National Geographic : 1939 Dec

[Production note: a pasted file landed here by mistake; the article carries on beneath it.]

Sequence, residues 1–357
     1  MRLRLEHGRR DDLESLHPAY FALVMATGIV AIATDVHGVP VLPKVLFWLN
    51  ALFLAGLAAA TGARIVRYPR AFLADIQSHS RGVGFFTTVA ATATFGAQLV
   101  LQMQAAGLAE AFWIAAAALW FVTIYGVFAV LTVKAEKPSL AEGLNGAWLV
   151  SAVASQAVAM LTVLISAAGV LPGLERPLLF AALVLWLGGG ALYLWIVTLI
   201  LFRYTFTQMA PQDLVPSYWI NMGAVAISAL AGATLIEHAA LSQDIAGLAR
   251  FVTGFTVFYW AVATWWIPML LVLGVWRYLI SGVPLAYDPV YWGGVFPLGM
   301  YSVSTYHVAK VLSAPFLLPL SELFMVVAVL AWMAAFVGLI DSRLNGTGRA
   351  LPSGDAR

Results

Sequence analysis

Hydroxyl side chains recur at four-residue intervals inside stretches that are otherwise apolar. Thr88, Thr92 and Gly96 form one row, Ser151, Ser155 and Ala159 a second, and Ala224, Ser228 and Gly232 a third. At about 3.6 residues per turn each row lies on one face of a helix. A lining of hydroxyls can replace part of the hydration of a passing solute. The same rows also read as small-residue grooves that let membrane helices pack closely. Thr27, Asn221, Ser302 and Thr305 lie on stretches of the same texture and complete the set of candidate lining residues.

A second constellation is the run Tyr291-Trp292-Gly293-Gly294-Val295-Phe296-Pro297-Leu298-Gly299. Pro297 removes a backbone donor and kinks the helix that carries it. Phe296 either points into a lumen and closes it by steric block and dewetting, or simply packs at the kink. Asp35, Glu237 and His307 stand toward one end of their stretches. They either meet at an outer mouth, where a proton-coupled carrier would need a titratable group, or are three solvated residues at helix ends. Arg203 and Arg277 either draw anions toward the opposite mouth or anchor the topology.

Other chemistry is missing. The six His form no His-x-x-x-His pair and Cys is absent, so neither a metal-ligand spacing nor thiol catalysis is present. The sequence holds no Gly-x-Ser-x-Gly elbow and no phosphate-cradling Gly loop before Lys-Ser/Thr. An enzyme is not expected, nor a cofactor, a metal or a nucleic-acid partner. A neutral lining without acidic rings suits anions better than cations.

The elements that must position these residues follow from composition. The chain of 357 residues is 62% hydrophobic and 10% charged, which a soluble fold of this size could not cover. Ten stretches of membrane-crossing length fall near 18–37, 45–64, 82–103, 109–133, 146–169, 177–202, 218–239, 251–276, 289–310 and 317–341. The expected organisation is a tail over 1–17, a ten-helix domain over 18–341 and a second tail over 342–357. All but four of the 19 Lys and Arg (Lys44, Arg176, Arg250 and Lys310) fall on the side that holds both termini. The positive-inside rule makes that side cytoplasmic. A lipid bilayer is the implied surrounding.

VOL. LXXVI, No. 6 WASHINGTON DECEMBER, 1939 THE NATU0LIOAL MAGAZIIEN COPYRIGHT, 1939, BY NATIONALGEOGRAPHICSOCIETY,WASHINGTON,D. C. INTERNATIONALCOPYRIGHT SECURED PUERTO RICO: WATCHDOG OF THE CARIBBEAN Venerable Domain Under American Flag Has New Role as West Indian Stronghold and Sentinel of the Panama Canal BY E. JOHN LONG FAR below the Clipper plane, swiftly winging me from Miami to San Juan, the broad expanse of Mona Passage was streaked with the white wakes of lumbering freighters. I was crossing one of the world's busiest trade tracks-the ocean highway from northern Europe to the Panama Canal. It was difficult to believe that in these luminous blue waters Spaniard and Eng lishman, Dutchman and Frenchman, buc caneer and merchantman, galleon and cara vel, frigate and brigantine for centuries struggled and maneuvered for mastery. It seemed even more incredible that the peace ful parade of commerce was threatened again. Co-pilot George King came back to my seat and pointed out the window. "Look ahead," he said. "Do you see that high rocky cliff, rimmed with white break ers? "We're approaching Point Borinquen, northwest corner of Puerto Rico. As we fly over it, notice the wide, nearly level tableland back from the cliffs. That's the site of the new Army Air Base, the 'big gun' in the scheme of national defense along the Atlantic seaboard." I could see nothing but palms, a few patches of sugar cane and a winding coun try road. It did not look like a promising place for an airport and I said so. Co-pilot King went forward and returned in a minute with a large map of the West Indies and Central America, which he spread in my lap. He drew lines from Point Borinquen to Miami, the Panama Canal, Trinidad, Caracas, and ran one off the map in the direction of Bermuda. THE ISLAND'S STRATEGIC LOCATION "Now do you see? About 1,000 miles to the Panama Canal, 1,000 miles to Miami, 700 to Bermuda, 550 to Caracas on the mainland of South America, 650 to Trinidad. This is the hub of a wheel.* Put enough planes here, and enough land forces to guard your bases, and Puerto Rico becomes the 'Gibraltar of the West Indies,' or the 'Hawaii of the Atlantic.' " Less than a month later, I saw the first U. S. Army plane land on an improvised field swiftly cleared from the cane fields atop that mesa, and the harbor of San Juan fill with Navy planes, tenders, and gray ships of war taking up their duties as part of the President's neutrality patrol. After four centuries the land whence Ponce de Leon sailed to discover Florida is again an outpost-this time facing east! Ancient sentry boxes on its huge Spanish fortifications (Color Plate II) are symbols of the new watch on the Caribbean. Sym bols but not models. Today man digs * See map supplement "Mexico, Central Amer ica, and the West Indies," with this issue.